Welcome to the FiercePharma political roundup, where each Monday we’ll highlight developments in Washington, D.C., and elsewhere that could affect drug pricing and how drugmakers operate.
As per usual, top officials appeared on Sunday news programs with their pandemic updates, and National Institute of Allergy and Infectious Diseases Director Anthony Fauci was his usual honest self.
By the evening, President Donald Trump had retweeted a call to fire him. And by Monday, the episode was a hot topic on social media.
Fauci, who has become a household name amid the COVID-19 pandemic, said on CNN's "State of the Union" on Sunday that earlier action in the U.S. “could have saved lives.” But there was “a lot of pushback” about social distancing strategies early on, he cautioned.
"What goes into those decisions is complicated," Fauci told CNN's Jake Tapper.
“But you're right, I mean, obviously, if we had right from the very beginning shut everything down, it may have been a little bit different,” he said on the show. “But there was a lot of pushback about shutting things down back then."
Later in the day, Trump retweeted a message calling for Fauci’s firing. The original tweet came from DeAnna Lorraine, a Republican candidate for Congress in California, and the president added his own message.
“Sorry Fake News, it’s all on tape,” he wrote. “I banned China long before people spoke up.”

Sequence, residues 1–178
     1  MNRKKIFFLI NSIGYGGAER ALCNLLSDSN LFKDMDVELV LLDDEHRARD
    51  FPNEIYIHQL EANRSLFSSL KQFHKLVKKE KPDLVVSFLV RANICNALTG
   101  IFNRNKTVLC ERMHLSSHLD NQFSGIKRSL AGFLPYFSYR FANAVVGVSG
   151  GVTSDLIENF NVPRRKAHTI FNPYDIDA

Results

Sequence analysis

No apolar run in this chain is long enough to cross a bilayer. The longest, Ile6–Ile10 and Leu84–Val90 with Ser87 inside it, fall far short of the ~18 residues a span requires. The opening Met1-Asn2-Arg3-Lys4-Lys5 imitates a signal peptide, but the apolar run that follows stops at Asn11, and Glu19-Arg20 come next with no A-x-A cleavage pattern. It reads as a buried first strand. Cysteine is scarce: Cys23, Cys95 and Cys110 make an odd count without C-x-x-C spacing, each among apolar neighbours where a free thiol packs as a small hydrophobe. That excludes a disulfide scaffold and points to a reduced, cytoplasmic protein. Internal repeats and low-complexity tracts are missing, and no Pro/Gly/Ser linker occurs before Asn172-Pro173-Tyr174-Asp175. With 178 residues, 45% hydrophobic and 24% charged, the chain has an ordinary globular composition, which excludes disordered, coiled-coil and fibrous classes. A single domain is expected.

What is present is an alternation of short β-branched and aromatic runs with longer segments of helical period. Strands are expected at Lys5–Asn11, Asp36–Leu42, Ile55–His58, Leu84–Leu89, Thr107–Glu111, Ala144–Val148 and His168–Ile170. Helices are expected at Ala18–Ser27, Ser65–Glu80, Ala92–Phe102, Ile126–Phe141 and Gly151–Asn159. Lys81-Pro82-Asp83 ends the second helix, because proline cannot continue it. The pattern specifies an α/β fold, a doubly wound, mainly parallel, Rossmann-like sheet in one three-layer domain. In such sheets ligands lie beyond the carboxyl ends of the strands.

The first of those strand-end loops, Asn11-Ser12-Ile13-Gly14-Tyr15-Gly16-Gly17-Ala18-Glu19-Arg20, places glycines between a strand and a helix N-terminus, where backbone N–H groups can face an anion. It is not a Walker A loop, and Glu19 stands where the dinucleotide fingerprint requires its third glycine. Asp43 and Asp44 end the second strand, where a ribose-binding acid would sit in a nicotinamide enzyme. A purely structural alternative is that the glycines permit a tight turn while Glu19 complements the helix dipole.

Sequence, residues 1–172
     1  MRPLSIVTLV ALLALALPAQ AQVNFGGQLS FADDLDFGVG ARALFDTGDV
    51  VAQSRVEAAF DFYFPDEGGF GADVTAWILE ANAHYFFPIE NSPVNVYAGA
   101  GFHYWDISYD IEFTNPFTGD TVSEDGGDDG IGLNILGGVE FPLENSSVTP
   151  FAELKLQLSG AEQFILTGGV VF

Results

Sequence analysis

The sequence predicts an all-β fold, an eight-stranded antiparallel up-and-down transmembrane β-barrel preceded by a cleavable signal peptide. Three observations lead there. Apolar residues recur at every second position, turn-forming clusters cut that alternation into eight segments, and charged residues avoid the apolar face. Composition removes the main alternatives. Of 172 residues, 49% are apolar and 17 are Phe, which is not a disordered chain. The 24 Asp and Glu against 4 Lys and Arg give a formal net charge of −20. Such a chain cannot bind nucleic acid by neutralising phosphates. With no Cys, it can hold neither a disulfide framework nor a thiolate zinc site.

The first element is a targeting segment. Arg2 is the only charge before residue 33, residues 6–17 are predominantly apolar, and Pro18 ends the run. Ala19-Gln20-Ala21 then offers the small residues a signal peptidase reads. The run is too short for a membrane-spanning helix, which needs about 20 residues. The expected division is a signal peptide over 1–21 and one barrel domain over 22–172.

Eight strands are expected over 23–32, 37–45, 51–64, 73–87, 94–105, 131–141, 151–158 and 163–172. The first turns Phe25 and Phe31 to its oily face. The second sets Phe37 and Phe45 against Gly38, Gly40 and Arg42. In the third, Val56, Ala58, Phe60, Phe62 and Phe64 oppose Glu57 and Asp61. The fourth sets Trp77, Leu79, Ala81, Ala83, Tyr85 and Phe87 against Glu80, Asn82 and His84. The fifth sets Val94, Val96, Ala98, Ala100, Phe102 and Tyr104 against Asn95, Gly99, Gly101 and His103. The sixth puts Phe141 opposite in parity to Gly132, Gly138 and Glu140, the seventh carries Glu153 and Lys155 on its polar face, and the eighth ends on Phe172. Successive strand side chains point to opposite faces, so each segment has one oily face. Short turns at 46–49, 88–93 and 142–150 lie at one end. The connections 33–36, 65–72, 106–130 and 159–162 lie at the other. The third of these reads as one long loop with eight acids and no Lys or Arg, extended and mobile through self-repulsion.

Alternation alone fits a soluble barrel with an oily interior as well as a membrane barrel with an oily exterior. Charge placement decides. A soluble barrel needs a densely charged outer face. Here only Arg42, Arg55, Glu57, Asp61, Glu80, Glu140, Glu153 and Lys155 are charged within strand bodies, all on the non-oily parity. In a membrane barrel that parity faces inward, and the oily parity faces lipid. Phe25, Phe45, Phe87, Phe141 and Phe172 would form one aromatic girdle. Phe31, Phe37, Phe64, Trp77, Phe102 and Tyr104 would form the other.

Monday, the topic trended on Twitter, as did "#SaveFauci." As The New York Times points out, Fauci had a 78% nationwide approval rating earlier this month, compared with 46% for Trump, according to a Quinnipiac University poll.
The episode came as the U.S. outbreak nears its peak, according to FDA Commissioner Stephen Hahn. Appearing on ABC's "This Week" on Sunday, Hahn told Martha Raddatz the U.S. is "very close to the peak” of its outbreak. On testing, Hahn said “we need to do more,” but said the agency is still requiring high-quality tests even amid the urgency of the pandemic.
“It’s really important to remember that these tests have to be valid and accurate and reliable,” he said. Meanwhile, some experts questioned the FDA's flexibility on blood-antibody tests that could determine whether people have been unknowingly infected—and potentially pave the way for reopening the economy—provided they're accurate.
As of Monday morning, there were more than 555,000 cases in the U.S. and 22,000 deaths, according to Johns Hopkins University.
The weekend's events followed other disagreements within the Trump administration during its pandemic response, including over the president’s promotion of hydroxychloroquine.
In response to Trump's statements last month, Fauci said data remained “anecdotal.” Officials in the administration have also disagreed over timelines to reopen the country, according to reports.
On ABC's show, Hahn said he doesn't know whether the U.S. will be able to reopen May 1, but he said that's one "target." The U.S. needs to take a "data-driven approach" one day at a time, he added.